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Guide on the Side - Flip Charts: Low Tech Powerhouses

By Marie Wallace, Published on August 1, 2000

Marie Wallace has enjoyed a fulfilling career as a librarian, beginning in 1951 in academia with the University of California and transitioning in 1971 into the private law library world until her 1995 retirement from O'Melveny & Myers. She is the 1997 recipient of the American Association of Law Libraries' highest honor, the Marian Gould Gallagher Distinguished Service Award. Throughout her professional life, Marie has been a guiding force in the Southern California Association of Law Libraries, Practising Law Institute's programs for law librarians and Teaching Legal Research in Private Law Libraries (TRIPLL).

Today, Marie has commenced on a new path she terms "Life in Progress," which enables her to pursue a diversity of interests as a master swimmer, law librarian, trainer, storyboarder and designer of wearable art.  She continues to be a dynamic speaker and prolific writer on such topics as private law library management, presentations and training. She is a member of Toastmasters International and is active with the American Society for Training Development (ASTD) and in continuing education for private law librarians. She devotes her "free" time to various non-profit and civic activities.

 


Flip charts probably stem from the same need to show as cave wall drawings--before paper was invented. Unabashedly low tech, universally understood and easy to use, flip charts remain communication powerhouses. They continue to be popular because they are effective, portable, familiar, inexpensive and do not require electricity or telecommunications. Flips work better than anything else in a presenter's toolbox to:

Flip charts consist of three simple components:

These parts can be combined and even digitized in a variety of ways for different uses. Consequently, flip charts can be found in several flavors.

Flip chart mavens distinguish between two categories of flip chart use:

As a visual aid for presenters, flip charts may be prepared either in advance of the presentation or on the spot. The ones prepared on the spot should appear spontaneous but to be effective must be carefully thought out in advance. Spatially-oriented professions such as engineers, artists and architects, commonly sketch out diagrams and drawings as an adjunct of their thought processes. The more word-oriented professions often have to develop graphic skills. Simple lines forming squares, triangles, circles, and arrows convey ideas and explanations very well. The hurdle is to learn to keep things in proportion and in the proper relationship on the page.

As a display of group thinking, flip charts require scribes to capture the ideas as they are expressed and then decided upon. Ideally, the scribe is not the person facilitating or chairing the event. Group thinking also requires that pages be hung around the room as they are filled to display the thoughts. Similarly, flip charts can be used to chart and record a meeting's progress. Flip charts are indispensable for group activities such as problem solving, decision making, planning, team building, project control, brainstorming, quality management and reaching consensus.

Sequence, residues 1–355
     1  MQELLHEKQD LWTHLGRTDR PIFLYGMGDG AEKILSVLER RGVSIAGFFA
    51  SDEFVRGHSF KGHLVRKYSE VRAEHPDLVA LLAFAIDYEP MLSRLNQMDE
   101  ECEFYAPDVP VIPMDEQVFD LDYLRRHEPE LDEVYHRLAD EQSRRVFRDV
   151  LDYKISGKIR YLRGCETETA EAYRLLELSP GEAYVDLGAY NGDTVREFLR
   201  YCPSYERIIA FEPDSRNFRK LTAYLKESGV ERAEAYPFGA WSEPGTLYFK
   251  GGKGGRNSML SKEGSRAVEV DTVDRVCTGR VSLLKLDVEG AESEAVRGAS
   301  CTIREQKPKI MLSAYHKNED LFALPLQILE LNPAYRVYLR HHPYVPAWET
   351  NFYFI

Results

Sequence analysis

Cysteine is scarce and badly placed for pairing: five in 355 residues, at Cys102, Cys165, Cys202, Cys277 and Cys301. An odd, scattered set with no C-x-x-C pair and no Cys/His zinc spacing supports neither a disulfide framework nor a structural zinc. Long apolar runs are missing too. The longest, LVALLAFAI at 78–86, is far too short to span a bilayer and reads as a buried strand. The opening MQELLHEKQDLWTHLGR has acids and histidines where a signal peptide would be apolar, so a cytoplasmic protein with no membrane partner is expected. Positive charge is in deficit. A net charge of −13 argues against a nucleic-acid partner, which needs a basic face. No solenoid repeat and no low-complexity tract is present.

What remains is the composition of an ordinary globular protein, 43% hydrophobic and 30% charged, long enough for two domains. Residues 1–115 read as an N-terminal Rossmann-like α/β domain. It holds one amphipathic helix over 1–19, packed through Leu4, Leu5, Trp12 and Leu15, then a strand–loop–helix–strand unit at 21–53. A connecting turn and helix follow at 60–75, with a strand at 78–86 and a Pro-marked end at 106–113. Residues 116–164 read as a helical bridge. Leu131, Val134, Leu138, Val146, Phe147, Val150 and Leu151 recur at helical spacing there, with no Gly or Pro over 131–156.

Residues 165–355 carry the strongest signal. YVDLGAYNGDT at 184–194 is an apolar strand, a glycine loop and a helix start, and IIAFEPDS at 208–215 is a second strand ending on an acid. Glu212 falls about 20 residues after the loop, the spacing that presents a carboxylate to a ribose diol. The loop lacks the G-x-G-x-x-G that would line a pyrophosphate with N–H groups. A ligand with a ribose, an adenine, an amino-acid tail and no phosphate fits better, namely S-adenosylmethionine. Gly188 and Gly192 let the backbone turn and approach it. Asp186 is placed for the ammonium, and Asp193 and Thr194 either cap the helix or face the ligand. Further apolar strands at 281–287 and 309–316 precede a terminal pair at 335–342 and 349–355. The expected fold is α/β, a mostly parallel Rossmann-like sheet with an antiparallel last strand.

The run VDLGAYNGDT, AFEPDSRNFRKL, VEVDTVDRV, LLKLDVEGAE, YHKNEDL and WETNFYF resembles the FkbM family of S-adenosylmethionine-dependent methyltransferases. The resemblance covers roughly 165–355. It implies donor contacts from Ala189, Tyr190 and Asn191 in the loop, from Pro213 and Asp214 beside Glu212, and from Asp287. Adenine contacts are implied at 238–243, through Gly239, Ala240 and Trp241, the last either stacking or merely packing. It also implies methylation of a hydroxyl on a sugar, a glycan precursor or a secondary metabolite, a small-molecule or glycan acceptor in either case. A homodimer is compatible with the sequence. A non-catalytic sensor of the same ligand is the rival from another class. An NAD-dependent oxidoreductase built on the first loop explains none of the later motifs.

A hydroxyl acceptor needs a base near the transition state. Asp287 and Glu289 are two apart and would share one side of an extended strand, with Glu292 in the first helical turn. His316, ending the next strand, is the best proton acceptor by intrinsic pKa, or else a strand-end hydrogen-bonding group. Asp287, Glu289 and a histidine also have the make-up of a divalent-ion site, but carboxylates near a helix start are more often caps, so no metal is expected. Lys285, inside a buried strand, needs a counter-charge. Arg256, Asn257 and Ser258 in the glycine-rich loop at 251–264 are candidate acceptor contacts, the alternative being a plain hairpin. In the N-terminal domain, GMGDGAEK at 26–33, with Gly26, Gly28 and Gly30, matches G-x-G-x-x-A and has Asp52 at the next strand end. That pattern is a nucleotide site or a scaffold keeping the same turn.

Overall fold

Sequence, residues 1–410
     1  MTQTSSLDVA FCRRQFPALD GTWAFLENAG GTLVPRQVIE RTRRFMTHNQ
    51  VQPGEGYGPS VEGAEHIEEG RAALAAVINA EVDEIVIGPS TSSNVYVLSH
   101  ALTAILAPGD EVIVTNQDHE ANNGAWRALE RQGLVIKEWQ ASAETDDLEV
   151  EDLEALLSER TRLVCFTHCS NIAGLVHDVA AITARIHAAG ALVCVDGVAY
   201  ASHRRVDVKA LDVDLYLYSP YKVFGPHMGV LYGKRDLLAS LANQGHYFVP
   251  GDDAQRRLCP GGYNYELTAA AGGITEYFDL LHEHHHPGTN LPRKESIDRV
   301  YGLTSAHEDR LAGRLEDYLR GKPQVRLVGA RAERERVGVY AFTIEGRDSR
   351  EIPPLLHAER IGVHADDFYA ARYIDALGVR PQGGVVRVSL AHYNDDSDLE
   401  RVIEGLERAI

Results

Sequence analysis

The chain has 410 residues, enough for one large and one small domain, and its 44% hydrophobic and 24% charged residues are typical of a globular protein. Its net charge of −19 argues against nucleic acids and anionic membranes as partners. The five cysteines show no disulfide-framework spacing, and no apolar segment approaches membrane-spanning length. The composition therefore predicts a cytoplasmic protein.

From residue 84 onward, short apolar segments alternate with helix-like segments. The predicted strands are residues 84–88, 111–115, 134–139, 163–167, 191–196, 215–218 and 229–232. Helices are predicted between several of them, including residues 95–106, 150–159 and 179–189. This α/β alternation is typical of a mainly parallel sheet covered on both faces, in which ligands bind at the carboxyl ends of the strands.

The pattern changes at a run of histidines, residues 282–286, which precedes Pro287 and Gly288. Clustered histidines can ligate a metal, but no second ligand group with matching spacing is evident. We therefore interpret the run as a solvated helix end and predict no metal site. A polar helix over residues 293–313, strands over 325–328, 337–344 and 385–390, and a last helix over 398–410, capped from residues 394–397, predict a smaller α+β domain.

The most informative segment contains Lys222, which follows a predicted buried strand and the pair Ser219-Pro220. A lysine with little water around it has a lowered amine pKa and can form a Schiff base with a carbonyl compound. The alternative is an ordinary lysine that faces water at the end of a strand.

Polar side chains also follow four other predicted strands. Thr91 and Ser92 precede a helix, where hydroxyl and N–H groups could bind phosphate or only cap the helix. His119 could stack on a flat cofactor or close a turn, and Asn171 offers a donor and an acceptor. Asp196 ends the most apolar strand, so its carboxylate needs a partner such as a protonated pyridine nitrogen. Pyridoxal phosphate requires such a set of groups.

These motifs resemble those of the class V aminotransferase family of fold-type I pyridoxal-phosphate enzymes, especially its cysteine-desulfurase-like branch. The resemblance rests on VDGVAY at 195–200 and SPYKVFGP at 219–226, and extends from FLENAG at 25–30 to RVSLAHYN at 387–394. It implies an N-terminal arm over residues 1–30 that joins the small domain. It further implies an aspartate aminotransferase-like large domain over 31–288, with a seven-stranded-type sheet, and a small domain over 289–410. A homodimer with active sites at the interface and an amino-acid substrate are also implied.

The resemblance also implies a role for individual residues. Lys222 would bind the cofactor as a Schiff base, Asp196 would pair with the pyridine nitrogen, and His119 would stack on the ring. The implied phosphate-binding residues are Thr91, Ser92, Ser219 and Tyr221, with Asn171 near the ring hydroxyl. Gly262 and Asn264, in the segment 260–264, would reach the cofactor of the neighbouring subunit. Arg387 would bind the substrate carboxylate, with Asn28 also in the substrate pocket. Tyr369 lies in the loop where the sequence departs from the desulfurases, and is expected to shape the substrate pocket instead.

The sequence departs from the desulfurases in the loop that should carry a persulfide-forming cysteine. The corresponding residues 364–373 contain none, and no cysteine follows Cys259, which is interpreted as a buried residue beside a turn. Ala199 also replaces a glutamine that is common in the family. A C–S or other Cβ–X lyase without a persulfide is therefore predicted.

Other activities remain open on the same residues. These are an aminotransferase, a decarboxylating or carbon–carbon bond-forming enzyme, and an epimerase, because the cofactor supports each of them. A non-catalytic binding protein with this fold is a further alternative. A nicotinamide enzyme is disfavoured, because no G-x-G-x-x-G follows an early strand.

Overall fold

Tips on using flips effectively:

Confine flip chart use to smaller groups--under 25.

Write, then turn and talk to avoid talking to the flip chart with your back to the audience.

Print rather than write. Make letters large and bold enough to be seen. Use one inch height per letter for each fifteen feet the audience is away from the chart.

Use only the top 2/3 of the pages. Leave blank pages between the used pages to avoid "see through."

Use markers made specifically for flip charts which do not bleed. Avoid magic markers. Scribes will appreciate scented markers with refreshing odors.

Pre-design the pages ahead of time and tab the pages with post-it notes for easier turning. Pencil in lightly what you are going to write or draw with markers.

Use more than one color for contrast and to distinguish systems or types of information.
Black and blue are the best; avoid yellow, orange or pastels.

If you plan to mount used pages on the wall, find out what is allowed and what sticks on the mounting walls. (Some wall surfaces repel many kinds of tape.) If you do not know the situation, come with a surplus of tack pins and tape.

Invest in a carrying case to protect the pages if you plan to re-use your flip charts.

For refinements and templates, take a look at:

The Big Book of Flip Charts: A Comprehensive Guide for Presenters, Trainers and Facilitators by Robert William Lucas

Flip Charts: How to Draw Them and How to Use Them by Richard C. Brandt